I was just curious? Doesn't moral reasoning presume some kind of transcendent or at least common morality, or agreement on what is moral? If so where does that come from? Doesn't it also presume that reason should draw everyone to the same moral conclusion?

I'm not sure about better or worse, it just seems like either it doesn't work so well, or there is a significant failure of reasoning.

Nick.Larson said...

"I'm not primarily interested in defining good via God, really it's the other way around."

Ok, fair enough Aric. The way I read your statement is one that was interested in defining what "good" is, and the way I understand your argument it involves defining it off of God. If your argument is not based off of this then you need to make claim to your starting point. You've talked plenty about Moral reasoning, but you haven't chosen to locate yourself within a school of ethics. Are you considering your work to come from the school of virtue ethics? are you a utilitarian?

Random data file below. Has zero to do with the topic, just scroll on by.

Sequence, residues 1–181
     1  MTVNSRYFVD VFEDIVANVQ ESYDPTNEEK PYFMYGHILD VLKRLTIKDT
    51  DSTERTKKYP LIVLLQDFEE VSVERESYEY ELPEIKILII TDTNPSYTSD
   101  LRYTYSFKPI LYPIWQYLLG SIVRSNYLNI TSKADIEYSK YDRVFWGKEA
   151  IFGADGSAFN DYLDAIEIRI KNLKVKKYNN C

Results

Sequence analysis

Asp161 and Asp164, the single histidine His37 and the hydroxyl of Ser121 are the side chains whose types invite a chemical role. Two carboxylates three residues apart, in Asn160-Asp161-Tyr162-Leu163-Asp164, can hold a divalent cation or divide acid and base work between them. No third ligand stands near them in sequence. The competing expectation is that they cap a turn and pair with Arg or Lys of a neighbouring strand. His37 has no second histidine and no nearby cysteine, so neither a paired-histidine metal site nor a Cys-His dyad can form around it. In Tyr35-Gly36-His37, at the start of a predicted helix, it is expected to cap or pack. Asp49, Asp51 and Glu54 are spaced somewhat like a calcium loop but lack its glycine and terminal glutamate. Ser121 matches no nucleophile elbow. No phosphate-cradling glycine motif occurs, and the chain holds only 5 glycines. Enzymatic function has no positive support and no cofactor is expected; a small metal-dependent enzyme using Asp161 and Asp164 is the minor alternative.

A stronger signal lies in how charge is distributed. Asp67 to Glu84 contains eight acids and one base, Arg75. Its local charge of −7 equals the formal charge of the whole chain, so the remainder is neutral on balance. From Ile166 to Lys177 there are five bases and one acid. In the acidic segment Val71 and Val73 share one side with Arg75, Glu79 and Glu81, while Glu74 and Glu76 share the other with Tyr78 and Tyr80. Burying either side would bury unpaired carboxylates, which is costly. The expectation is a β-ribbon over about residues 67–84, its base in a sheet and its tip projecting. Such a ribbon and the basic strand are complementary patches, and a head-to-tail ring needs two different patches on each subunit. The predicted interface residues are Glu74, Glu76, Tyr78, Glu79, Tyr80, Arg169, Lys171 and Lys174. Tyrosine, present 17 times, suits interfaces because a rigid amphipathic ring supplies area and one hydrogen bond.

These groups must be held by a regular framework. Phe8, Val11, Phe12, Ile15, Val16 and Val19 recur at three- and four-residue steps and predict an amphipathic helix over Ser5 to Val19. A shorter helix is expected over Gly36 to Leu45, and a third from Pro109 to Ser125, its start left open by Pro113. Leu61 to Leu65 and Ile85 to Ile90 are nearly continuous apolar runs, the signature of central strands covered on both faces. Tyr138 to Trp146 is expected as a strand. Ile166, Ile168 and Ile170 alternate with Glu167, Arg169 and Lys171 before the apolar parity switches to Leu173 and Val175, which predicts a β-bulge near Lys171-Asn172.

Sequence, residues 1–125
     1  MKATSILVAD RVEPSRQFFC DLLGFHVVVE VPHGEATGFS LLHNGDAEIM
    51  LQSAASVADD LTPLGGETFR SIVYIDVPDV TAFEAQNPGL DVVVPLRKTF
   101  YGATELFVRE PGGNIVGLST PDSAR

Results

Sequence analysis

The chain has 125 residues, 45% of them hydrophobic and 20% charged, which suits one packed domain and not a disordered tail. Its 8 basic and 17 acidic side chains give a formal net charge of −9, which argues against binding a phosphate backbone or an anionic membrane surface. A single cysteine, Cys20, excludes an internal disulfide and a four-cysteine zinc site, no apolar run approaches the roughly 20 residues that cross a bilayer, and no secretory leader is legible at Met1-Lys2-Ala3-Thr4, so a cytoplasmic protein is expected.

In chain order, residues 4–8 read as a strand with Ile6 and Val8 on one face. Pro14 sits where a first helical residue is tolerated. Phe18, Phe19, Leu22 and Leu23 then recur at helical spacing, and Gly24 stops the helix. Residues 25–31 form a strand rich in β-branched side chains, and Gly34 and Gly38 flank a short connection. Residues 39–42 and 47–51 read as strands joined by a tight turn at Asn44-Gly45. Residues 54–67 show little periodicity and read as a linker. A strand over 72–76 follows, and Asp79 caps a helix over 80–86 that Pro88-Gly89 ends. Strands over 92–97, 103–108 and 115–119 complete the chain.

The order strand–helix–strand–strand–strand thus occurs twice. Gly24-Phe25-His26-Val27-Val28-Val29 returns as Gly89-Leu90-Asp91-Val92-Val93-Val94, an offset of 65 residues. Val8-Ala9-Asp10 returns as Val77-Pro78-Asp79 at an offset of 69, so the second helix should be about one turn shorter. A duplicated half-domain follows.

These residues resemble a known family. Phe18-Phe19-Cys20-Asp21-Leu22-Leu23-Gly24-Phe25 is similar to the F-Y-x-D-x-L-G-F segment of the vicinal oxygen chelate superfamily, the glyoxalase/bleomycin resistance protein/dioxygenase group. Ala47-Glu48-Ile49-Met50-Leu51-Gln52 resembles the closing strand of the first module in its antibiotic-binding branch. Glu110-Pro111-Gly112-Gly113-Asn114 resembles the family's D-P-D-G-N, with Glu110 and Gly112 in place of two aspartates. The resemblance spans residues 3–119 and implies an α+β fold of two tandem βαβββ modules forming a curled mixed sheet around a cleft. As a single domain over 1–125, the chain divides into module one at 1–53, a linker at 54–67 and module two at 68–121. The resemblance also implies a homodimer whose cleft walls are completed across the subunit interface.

And I can think of a better option than people trying to reason it out for themselves. I'm sticking to the life of Jesus. I understand there are complexities involved here, and yes someone like Driscoll can come up with a different interpretation of Jesus. Just because I want to use Jesus as the starting point for defining good does not mean that it is straight-forward. If interpretation were straight-forward we wouldn't have a bunch of denominations. We wouldn't have had centuries of Christian vs Christian violence. In fact it's been my experience the one thing most people won't let someone get away with is making fun of their Jesus. But that does not give us the excuse to abandon that as our foundation.